So that’s the end of the cheat sheet. If you find that you have any of these biases, don’t worry one bit. Now is as good a time as any to start working on them. And don’t work on all your biases at once, work on one bias at a time. And don’t expect the change to manifest itself overnight. Take it easy, give yourself time, and you’ll eventually get there.


Market participant shall be good at:
// KYB [Know your business - Use Fundamental Analysis]
// KYC [Know your competitors - Use Technical Analysis], and
// KYS [Know your Self- Use Behavioral Analysis: Below checklist pertains to this category. As it’s WIP, feel free to add more from your experiences]

Behavioral biases – Mental shortcuts that cause non-optimal decisions due to lack of mathematical skill and memory limitations or emotions-based choices. Two types - Cognitive and Emotional.

Cognitive Errors: These are information-processing, or memory errors. How to Mitigate? Develop a systematic process to describe problems and objectives; to gather, record, and synthesize information; to document decisions and their rationale; and to compare the actual results with expected results. What are the various types of Cognitive Errors?

  • Conservation: Maintaining original view even in the presence of new negative information.
  • Confirmation: Excessive weightage to the information that reinforces self-belief.
  • Base-Rate Neglect: Ignoring or underweighting normal probability of the suitable reference classes in decision making.
  • Sample-Size Neglect: Basing decision on small or inappropriate sample size.
  • Illusion of control: Overweighing self-ability to influence the outcome.
  • Hindsight: Judging decision on the basis of its outcome.
  • Anchoring and Adjustment: Estimating a number basis a suggestion that’s in immediate attention.
  • Mental Accounting: Treating money differently by assigning it to different mental buckets.
  • Framing: Answering differently due to subtle suggestions in the question.
  • Availability: Overweighing events (recent and vivid) that are easy to recall.

Emotional Biases: These are errors caused by impulse, intuition and feelings [FII]. How to Mitigate? Enlighten the investment decision making process using appropriate questions. For example- How would you invest if received the amount as cash instead of the current form? Are you okay with earning a low return on your investments? What’s the objective basis to stay invested? What are the various types of Emotional Biases?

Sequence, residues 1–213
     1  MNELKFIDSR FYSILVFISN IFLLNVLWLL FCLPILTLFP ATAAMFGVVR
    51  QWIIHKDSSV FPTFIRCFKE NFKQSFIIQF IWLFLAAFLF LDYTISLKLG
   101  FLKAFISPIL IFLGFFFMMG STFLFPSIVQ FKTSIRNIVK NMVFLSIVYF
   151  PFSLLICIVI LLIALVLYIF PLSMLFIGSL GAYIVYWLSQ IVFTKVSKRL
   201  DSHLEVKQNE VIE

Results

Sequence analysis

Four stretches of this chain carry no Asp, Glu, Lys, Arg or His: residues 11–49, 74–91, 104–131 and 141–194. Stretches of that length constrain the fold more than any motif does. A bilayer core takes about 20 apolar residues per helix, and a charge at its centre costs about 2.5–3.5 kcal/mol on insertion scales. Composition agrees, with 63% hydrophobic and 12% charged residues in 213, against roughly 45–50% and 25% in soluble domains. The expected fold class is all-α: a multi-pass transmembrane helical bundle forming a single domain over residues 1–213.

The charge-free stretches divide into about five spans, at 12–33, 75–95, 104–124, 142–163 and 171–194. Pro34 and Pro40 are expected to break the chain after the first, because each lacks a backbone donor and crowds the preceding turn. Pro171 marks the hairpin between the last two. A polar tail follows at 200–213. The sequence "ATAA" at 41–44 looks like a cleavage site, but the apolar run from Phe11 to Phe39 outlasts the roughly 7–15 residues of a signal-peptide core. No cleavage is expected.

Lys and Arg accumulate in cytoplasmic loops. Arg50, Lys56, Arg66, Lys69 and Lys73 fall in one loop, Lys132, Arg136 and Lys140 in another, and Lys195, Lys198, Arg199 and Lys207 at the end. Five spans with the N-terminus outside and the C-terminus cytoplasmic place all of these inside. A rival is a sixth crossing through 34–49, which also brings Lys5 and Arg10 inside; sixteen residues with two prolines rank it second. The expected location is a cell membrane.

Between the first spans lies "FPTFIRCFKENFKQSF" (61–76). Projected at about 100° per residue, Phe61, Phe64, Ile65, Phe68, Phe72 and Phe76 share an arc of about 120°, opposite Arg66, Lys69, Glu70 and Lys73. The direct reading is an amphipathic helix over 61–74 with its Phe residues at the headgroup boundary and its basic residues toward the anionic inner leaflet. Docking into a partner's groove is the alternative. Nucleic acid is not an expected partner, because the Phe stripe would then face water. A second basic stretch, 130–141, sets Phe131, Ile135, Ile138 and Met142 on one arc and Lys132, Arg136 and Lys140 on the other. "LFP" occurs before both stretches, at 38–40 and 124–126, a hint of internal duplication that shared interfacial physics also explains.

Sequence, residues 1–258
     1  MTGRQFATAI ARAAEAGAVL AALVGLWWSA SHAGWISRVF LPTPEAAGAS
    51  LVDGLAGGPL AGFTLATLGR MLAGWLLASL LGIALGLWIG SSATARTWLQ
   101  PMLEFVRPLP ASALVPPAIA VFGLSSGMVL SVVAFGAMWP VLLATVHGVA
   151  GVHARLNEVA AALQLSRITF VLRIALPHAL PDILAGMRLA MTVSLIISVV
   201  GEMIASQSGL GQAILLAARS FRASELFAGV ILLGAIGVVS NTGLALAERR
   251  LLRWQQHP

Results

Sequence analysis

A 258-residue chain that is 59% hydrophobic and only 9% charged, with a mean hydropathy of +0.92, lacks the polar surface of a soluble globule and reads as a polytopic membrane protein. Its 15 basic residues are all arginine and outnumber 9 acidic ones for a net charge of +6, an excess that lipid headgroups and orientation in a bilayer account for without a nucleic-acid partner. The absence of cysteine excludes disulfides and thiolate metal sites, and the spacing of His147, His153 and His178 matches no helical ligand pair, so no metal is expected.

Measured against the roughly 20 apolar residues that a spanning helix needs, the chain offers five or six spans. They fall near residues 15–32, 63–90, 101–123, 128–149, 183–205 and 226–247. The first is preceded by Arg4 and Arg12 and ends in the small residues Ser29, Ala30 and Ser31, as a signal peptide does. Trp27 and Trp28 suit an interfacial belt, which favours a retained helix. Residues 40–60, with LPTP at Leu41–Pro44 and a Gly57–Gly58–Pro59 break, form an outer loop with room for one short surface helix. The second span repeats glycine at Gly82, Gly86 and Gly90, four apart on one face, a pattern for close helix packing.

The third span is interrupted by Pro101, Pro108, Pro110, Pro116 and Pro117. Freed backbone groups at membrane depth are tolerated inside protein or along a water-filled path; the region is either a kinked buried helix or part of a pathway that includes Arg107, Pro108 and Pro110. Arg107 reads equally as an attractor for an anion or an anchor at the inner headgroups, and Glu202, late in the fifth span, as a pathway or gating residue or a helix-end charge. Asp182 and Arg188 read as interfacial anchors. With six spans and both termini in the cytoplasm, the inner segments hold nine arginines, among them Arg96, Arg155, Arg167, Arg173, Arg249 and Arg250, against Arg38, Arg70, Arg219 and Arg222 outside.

• Loss-Aversion: Weighing losses (2x) more than gains. Example – Hold loss making position with the hope to breakeven and book the gains early.
  • Overconfidence: Excessive faith in one’s judgement and reasoning abilities due to illusion of knowledge (considering self as smarter and well informed) and self-attribution tendency (credit self for good outcomes and blame others for bad outcomes). Mitigation - Implement a conscious review process to demonstrate the effectiveness of the decision-making ability.
  • Self-Control: Weighing instant temptations more than the long-term benefits. Example – Prefer income today instead of a lump-sum amount in the future.
  • Status Quo: Inertia to action. Example – Opting for default options while selecting a car insurance .
  • Endowment: Valuing owned assets, which are not meant for trading, higher than their true market value. Example – Assigning more value to the wine after buying in an auction setup than before buying.
  • Regret-Aversion: Conscious choice of inaction fearing regret that one faces after a decision that leads to a bad outcome. Two Dimensional – Error of Commission and Error of Omission. Examples – Holding a position fearing that it may go up after selling.